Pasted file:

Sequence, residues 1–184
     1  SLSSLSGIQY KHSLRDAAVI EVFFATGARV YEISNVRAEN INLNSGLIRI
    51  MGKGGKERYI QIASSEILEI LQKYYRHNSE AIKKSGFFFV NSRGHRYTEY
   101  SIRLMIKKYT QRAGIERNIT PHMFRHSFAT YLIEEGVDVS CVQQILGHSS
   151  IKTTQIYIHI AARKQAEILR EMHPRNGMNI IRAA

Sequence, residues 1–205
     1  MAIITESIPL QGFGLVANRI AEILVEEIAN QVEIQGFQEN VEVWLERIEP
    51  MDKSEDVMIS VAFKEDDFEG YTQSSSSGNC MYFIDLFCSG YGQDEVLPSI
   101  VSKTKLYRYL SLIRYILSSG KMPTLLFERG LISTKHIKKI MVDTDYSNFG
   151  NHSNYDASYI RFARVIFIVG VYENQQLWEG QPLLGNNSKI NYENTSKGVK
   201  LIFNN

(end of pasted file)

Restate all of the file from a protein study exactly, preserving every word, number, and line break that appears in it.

Sequence, residues 1–184
     1  SLSSLSGIQY KHSLRDAAVI EVFFATGARV YEISNVRAEN INLNSGLIRI
    51  MGKGGKERYI QIASSEILEI LQKYYRHNSE AIKKSGFFFV NSRGHRYTEY
   101  SIRLMIKKYT QRAGIERNIT PHMFRHSFAT YLIEEGVDVS CVQQILGHSS
   151  IKTTQIYIHI AARKQAEILR EMHPRNGMNI IRAA

Sequence, residues 1–205
     1  MAIITESIPL QGFGLVANRI AEILVEEIAN QVEIQGFQEN VEVWLERIEP
    51  MDKSEDVMIS VAFKEDDFEG YTQSSSSGNC MYFIDLFCSG YGQDEVLPSI
   101  VSKTKLYRYL SLIRYILSSG KMPTLLFERG LISTKHIKKI MVDTDYSNFG
   151  NHSNYDASYI RFARVIFIVG VYENQQLWEG QPLLGNNSKI NYENTSKGVK
   201  LIFNN